In week 15, we took out the Dolphins for the first time in three years. At this point they were more Bahamian Dolphins than Miami Dolphins and everywhere you went you would hear talk of how great the Dolphins were that year.
In the playoffs, against the dreaded Raiders and down 13 in the fourth, Brady led the Patriots on a 10-play, 67-yard drive, completing nine consecutive passes for 61 yards and finishing it with a six-yard touchdown run.
People only remember the “Tuck-Rule”. I remember that drive. Tom’s TD run brought us to within a single score: two Adam Vinatieri field goals later we were on our way to Heinz Field for a date with the Steelers.
Up 14-3, Tom took a shot from Steelers safety Lee Flowers. It was obvious he wasn’t coming back. Bledsoe entered the game and, just like that, the whole ride of the last year was over. The stud, unrelenting, passionate 6ft 4in genius under centre was gone.
The Patriots hung on to win, but I was devastated. All I could think about was Bledsoe, him not being able to stay upright and those four picks he threw against the Packers.
During the week of Super Bowl 36 news broke that Brady would start for the Pats against my father’s Rams, one the toughest teams of the modern era.
Shortly after the Rams tied the score at 17, my heart buckled. I didn’t know what it meant to win a Super Bowl. No time-outs left, 1:30 on the clock, Brady stepped on to the Superdome field. History records what happened next.
Brady hit running back J R Redmond for three consecutive completions, moving the ball to the Rams’ 41-yard line with 33 seconds left. After an incomplete pass, Brady completed a 23-yard pass to wide receiver Troy Brown and followed it with a six-yard completion to tight end Jermaine Wiggins to advance to the 30. With seven seconds left Brady spiked, which set up 48-yard field goal attempt. As the ball split the uprights the Patriots clinched their first title, the first time a Super Bowl game was won by a score on the last play.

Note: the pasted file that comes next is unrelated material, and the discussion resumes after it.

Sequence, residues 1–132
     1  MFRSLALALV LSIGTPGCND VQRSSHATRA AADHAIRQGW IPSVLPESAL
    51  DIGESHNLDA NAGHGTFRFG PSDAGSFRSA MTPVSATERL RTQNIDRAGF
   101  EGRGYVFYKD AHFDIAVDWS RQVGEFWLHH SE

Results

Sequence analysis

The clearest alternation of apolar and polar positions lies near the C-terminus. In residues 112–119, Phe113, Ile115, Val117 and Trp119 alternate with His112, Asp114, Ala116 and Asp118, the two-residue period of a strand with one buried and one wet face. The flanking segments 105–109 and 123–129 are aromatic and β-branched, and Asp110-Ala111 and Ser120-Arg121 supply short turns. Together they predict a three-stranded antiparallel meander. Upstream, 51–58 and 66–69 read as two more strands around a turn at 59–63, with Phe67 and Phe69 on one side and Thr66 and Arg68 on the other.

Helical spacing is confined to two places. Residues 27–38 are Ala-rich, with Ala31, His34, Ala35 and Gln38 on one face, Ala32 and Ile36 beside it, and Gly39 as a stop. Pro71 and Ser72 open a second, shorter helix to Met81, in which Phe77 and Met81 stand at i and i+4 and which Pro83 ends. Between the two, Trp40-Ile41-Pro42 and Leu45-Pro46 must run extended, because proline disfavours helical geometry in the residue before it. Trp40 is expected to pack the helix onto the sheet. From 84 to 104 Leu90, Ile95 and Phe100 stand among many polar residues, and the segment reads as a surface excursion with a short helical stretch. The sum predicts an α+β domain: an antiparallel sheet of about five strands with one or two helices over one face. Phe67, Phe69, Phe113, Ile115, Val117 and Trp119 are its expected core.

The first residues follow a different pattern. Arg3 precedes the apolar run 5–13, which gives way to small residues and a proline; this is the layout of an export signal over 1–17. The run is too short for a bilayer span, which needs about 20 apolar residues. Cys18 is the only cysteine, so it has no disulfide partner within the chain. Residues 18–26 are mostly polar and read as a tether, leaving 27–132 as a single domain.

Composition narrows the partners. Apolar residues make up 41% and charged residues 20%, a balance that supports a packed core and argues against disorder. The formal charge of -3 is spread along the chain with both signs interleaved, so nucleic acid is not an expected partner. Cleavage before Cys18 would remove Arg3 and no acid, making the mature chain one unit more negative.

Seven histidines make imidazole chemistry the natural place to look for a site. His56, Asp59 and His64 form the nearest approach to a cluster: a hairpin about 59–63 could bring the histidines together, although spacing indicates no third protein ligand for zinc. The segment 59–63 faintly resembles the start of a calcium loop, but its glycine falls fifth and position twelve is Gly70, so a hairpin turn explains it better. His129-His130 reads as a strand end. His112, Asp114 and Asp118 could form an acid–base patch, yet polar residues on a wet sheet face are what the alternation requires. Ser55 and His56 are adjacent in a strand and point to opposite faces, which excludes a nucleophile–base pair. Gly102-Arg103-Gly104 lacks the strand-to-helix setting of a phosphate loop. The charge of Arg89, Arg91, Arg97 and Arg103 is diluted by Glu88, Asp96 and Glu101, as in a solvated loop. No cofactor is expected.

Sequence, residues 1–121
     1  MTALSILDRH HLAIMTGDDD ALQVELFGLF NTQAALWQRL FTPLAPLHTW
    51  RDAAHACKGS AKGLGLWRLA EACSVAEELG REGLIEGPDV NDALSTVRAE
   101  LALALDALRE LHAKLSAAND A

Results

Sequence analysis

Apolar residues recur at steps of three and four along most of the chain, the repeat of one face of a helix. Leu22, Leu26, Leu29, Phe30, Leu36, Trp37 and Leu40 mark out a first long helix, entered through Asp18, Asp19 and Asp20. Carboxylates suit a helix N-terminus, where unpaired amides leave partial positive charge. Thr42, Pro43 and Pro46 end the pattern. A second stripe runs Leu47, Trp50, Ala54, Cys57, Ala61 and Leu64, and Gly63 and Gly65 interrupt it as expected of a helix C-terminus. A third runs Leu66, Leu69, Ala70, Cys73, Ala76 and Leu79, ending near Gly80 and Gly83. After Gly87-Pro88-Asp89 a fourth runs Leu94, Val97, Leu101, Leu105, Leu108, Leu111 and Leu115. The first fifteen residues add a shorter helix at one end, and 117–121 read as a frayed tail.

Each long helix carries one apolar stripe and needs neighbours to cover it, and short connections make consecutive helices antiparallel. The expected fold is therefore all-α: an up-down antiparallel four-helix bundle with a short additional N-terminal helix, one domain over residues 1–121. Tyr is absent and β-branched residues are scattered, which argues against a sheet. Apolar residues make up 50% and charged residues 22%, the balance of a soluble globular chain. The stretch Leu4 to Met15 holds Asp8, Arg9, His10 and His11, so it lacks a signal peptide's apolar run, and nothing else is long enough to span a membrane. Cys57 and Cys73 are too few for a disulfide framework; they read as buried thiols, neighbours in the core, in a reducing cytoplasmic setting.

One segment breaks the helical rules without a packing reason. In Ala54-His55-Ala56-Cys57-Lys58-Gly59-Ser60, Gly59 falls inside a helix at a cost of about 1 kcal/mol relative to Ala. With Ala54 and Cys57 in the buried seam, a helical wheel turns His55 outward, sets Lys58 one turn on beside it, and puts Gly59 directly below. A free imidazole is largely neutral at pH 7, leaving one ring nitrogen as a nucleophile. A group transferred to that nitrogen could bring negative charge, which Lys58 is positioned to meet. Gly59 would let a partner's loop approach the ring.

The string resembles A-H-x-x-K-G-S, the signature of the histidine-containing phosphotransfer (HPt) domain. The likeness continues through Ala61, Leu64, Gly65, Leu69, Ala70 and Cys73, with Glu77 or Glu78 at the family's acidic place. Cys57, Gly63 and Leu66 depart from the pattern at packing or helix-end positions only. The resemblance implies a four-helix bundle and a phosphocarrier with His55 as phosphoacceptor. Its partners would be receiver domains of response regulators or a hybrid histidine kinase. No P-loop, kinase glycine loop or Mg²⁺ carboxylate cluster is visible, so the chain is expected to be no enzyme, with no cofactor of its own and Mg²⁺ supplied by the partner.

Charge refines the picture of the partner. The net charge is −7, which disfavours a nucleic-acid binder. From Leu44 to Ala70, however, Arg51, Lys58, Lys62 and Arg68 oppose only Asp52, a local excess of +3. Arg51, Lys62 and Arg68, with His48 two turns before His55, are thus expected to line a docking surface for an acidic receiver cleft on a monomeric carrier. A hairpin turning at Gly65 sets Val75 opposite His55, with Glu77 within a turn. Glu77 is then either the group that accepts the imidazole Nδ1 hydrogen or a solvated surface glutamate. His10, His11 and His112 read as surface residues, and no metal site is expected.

Tom stepped in against legacies, records, statistics, names - but back at my house he stepped in to prove to my father that a nine-year old could understand the game we both love so much just a little more than he did.
The bond I have with the Pats goes a lot deeper than the attraction an average sports fan has to a team that is doing well at that particular time. It meant something. It meant knowing more than my big brother and my dad ... bragging rights.
Tom Brady became my favourite person, the person I could use to destroy my brother’s happiness. Tom became the exception to the rule, the example I could use to tell my daddy that anything and everything was possible. He was the epitome of coming out of nowhere and becoming the best.
Brady’s statistics and passer rating didn’t matter: he simply found a way to win. He reached the summit, all in his first two years in the league.
Since then, he has won three more titles, two MVP awards, countless Pro-Bowl selections and more statistical records than most first ballot Hall of Famers can claim. Brady never gave up, even when we expected him to. When he was hated he won; when he was disrespected he won; when he was left for dead (in respect to his career) he won.
This off-season, amidst the “Deflate-gate” saga, guess what Tom did? He won. They tried to bury him with a four-game suspension for an offence the carried a $25k fine. Tom took it to court and won.
Similar to the way Tom Terrific did after tearing his ACL and exactly how he is going to do this season. Resilience.